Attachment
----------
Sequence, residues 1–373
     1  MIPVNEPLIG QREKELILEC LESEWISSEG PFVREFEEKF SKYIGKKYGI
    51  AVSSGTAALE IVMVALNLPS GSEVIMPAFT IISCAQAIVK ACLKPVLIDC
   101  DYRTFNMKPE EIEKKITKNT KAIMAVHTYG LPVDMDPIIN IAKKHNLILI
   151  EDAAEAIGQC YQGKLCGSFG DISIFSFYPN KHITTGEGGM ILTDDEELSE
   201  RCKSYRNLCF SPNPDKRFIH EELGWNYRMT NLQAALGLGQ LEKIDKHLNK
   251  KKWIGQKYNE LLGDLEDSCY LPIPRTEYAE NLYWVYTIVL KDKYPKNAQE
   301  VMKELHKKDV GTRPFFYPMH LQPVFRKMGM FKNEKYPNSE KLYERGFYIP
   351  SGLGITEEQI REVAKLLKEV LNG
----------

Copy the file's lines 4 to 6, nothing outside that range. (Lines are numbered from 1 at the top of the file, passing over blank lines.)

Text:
   101  DYRTFNMKPE EIEKKITKNT KAIMAVHTYG LPVDMDPIIN IAKKHNLILI
   151  EDAAEAIGQC YQGKLCGSFG DISIFSFYPN KHITTGEGGM ILTDDEELSE
   201  RCKSYRNLCF SPNPDKRFIH EELGWNYRMT NLQAALGLGQ LEKIDKHLNK